It doesn’t say that the client will be causing the death or injury, just that revealing the information is reasonably necessary to prevent such. So if a lawyer has information about a client, and the lawyer reasonably believes that revealing it will save someone’s life, they can reveal it (NB they don’t have to, but they may). That’s what Reese decided to do. The Joker threatened to kill people unless he got this information, and Reese reasonably concluded that revealing that information might save people.

Of course, the Joker changed his mind, at which point revealing that information would not be reasonably calculated to save anyone’s life. So if he had revealed the information after the Joker changed the terms, he’d have violated the rules of ethics.

III. Conclusion

So while Reese trying to blackmail Wayne was a problem, going to Fox wasn’t. And going public when the Joker threatened Gotham City was actually fine. We’ll have another post about the potential embezzlement issue next week as we prepare for the release of The Dark Knight Rises!

PS238: Superheroes and Tax Deductions

PS238 is a long-running comic series by Aaron Williams that is available online and in print.  The comic is set at the titular public school, which is a special school for children with superpowers, called metaprodigies.  Earlier this month we got an email from Sean asking us to take a look at PS238, and there are legal issues aplenty.  We’re going to start with a bit of tax.  Very minor spoilers below.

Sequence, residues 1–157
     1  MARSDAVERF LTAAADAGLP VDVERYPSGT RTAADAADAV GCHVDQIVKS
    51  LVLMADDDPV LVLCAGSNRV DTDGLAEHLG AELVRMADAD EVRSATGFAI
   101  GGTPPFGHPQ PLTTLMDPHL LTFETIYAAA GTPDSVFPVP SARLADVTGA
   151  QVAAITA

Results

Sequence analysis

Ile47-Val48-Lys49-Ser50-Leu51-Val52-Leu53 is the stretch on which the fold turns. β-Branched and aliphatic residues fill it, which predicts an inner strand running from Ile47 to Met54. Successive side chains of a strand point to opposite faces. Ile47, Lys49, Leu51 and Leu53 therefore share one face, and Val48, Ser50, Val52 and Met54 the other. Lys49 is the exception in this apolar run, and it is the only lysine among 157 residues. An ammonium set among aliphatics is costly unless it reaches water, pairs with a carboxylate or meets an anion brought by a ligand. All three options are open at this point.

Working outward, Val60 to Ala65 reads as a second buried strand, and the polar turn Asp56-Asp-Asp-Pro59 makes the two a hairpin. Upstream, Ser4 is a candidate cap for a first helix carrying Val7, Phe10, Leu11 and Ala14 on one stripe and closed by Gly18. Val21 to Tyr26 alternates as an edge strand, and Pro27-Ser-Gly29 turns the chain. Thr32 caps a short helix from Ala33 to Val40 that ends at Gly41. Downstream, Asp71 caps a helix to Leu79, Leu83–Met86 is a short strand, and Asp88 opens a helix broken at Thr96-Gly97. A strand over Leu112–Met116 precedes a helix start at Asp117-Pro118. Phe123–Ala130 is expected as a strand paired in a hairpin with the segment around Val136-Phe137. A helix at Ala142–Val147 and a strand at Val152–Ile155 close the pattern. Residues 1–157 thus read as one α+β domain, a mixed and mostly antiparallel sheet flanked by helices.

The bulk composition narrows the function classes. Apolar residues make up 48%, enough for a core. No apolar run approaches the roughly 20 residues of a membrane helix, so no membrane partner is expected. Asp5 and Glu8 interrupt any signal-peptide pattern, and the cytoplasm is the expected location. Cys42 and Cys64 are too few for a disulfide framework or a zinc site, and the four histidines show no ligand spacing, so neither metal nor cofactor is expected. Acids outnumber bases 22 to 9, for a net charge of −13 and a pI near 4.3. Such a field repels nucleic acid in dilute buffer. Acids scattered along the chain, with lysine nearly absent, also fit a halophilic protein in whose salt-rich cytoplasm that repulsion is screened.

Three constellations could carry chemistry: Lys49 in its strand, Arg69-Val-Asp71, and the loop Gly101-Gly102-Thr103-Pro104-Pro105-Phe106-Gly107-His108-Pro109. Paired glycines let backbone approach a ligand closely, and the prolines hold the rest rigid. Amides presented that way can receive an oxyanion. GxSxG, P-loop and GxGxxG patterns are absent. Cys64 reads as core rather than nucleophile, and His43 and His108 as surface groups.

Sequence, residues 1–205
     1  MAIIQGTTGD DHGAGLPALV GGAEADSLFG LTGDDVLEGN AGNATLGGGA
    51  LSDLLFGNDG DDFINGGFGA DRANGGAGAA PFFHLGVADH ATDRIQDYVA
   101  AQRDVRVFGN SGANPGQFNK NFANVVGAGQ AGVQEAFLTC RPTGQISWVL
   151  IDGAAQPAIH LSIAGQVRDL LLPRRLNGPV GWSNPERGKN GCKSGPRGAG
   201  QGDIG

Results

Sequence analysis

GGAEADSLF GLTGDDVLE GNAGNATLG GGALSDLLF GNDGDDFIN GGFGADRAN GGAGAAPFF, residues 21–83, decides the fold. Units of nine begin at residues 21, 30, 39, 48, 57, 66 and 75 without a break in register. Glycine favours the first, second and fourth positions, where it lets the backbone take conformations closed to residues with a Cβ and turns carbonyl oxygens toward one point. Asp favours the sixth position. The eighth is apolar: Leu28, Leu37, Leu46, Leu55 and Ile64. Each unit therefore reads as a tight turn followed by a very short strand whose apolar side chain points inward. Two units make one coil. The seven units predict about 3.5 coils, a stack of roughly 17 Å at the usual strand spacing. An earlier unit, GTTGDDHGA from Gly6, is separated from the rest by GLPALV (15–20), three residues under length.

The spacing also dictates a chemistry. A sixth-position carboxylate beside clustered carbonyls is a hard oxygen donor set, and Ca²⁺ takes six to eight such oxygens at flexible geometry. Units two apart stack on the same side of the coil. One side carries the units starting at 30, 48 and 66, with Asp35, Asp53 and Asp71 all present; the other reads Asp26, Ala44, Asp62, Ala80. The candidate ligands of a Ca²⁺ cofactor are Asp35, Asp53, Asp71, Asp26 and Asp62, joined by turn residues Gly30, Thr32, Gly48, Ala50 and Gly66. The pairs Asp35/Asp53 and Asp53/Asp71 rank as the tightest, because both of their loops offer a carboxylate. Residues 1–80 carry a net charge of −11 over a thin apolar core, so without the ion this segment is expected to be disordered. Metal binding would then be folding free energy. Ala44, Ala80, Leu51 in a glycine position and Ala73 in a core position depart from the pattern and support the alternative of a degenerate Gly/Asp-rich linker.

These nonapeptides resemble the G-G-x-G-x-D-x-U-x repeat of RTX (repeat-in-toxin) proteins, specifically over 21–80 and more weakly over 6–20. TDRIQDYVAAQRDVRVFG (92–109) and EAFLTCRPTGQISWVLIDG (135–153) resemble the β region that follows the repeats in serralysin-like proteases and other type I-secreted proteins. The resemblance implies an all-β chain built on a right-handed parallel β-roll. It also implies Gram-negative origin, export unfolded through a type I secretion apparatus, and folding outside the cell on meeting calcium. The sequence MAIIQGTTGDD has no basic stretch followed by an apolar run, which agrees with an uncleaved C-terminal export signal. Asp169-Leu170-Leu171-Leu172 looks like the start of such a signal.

(Since we’re talking about tax, we should reiterate our disclaimer: this is a discussion of a fictional scenario, not legal advice, and does not constitute the formation of an attorney-client relationship.  If you need tax advice, hire a lawyer or an accountant.)

I. The Setup

One of the students at PS238, Tyler Marlocke, doesn’t have superpowers, but he’s enrolled there because his superpowered parents are certain that he’ll develop superpowers any day now.  To give him a fighting chance against the other children (particularly in gym class), the school assigns him a mentor: The Revenant, a gadget-based superhero.  During one of his training sessions he goes to the Revenant’s home, which is located above a high-end gym for people with superpowers.  The Revanant explains the unusual location thus:

Keeping a bunch of exercise equipment at home just clutters the place and since “vigilante detective” isn’t covered under the tax code, keeping my “office” at home isn’t deductible.

The naturally raises the question: would a superhero’s headquarters be tax deductible, and if not, why not?

II. Superhero Tax Deductions

What the Revenant is referring to is the fact that many (but not all!) business expenses are tax deductible.  Home offices (i.e. a proportional share of the rent or mortgage payment) can also be tax deductible, but it’s tricky to get right and can possibly increase the risk of an audit.  The situation gets even more complicated when considering “mixed purpose expenditures” that are both profit-oriented and personal (e.g. traveling for business but also to visit friends or relatives).  In the Revenant’s case, an important question is whether his vigilante detective activities are for-profit or are merely a hobby. The general rule is given by 26 U.S.C. § 183(a):